Video tutorials and clips concerning a number of popular instruments in todays modern orchestra.
Want to learn an instrument?
There are many reasons why people want to learn an instrument; some just like the sound it makes and want to try it for themselves, others might enjoy the spectacle of an orchestra in live performance and want to join in. Some play because their parents think it will be good for them. Others, as adults, take up an instrument because they never had the chance as a child, or because they gave up and only later realised what a wonderful thing they were missing!
Whatever the motivation, learning to play an instrument can have great educational and social benefits, as well as providing an emotional outlet and intellectual challenge.
The most obvious aspect of this is that, in becoming a musician, one can experience the artistic creativity of music at first hand. Playing ‘classical’ music usually involves a shared responsibility between the composer and the performer; the job of the player is not only to read the notes faithfully, but also to understand what they mean and to convey the musical language in their own accent.
Musicians partake in an activity that is vital to nearly every culture on the earth! The purpose of music, in most societies, is to act as a language of the emotions, conveying thoughts and feelings that are often beyond words. Music is a powerful communicator and has the potential to enrich and ennoble us as human beings.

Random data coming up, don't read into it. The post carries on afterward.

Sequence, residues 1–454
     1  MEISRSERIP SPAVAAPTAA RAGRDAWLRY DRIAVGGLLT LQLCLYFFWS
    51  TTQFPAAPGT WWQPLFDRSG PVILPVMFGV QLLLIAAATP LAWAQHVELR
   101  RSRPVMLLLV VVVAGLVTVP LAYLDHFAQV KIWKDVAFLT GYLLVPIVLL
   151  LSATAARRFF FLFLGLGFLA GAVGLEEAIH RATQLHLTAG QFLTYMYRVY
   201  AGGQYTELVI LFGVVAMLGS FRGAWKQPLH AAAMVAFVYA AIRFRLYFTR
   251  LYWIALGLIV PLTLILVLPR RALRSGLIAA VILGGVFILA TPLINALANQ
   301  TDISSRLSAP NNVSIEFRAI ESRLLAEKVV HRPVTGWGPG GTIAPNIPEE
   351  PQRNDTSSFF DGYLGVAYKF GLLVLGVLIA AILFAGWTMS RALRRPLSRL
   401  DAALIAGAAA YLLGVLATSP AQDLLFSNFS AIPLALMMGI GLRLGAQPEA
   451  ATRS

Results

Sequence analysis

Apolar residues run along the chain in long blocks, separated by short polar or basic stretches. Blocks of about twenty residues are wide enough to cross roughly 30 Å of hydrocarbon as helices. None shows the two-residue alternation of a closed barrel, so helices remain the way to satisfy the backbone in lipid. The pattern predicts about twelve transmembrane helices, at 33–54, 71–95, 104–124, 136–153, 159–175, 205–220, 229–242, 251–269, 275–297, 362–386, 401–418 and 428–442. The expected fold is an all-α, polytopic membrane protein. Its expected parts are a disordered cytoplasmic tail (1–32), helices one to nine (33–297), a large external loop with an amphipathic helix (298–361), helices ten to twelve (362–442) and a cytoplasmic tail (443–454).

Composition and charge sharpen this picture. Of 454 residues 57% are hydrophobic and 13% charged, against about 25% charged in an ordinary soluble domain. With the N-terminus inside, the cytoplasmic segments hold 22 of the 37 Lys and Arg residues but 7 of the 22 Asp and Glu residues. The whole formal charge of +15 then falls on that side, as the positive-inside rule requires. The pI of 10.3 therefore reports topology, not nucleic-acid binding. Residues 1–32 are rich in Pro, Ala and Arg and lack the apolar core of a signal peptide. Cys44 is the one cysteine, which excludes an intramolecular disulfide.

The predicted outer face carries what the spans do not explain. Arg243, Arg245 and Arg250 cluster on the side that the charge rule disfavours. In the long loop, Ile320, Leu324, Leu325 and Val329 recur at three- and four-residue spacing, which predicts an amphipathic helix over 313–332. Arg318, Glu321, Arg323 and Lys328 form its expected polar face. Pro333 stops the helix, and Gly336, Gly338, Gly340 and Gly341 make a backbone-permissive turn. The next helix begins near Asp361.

Classical music is surely one of the most extraordinary manifestations of western culture over the last five centuries! Music is a tremendous gift and a living heritage. It is not ‘intellectual’ by definition (although it can be), it does not need us to be scholars to appreciate it (although knowledge is a good thing!) and it doesn’t need us to be powerful or privileged to access it. This said, there is often a perception that ‘classical’ music is somehow elitist or highbrow, and audiences at live concerts are beginning to age and dwindle. It is sad to think that many young people know nothing of the challenges of Bach, the epic struggles of Beethoven, or the elegance and finish of Mozart or Haydn. We as a School don’t just want people to learn instruments – we want to nurture a new generation to love, cherish and perpetuate the musical heritage that belongs to all of us. Use it, or lose it, as they say!
Apart from these noble thoughts, music can teach us lots of useful skills – social skills, working with other musicians, individual discipline and study and the ability to self-motivate. A high degree of patience is required to achieve well, and a balance of short- and long-term strategies (particularly lacking in today’s ‘instant’ culture). Pupils must grow and mature in initiative, courage, communication and perseverance – these are ‘life skills’. Indeed, it is interesting to note that music graduates applying for jobs outside the music profession have a high success rate at interview – many employers recognise that musicians have relatively high standards of achievement and discipline, as well as the ability to see a long-haul task through to the end.
The good habits and attitudes acquired through learning an instrument will go deep and have the potential to change a young person’s whole outlook on life, even if they just play for fun. For adults, perhaps taking up an instrument for the first time, the simultaneous thinking, co-ordination, planning and rapid reaction needed to perform, not to mention the actual skill itself, can help develop and maintain mental agility.
All of these things avoid the most obvious point – learning a musical instrument, although always a challenge (even a struggle from time to time) is, if persevered with, immensely enjoyable and very absorbing.
It is often great fun too!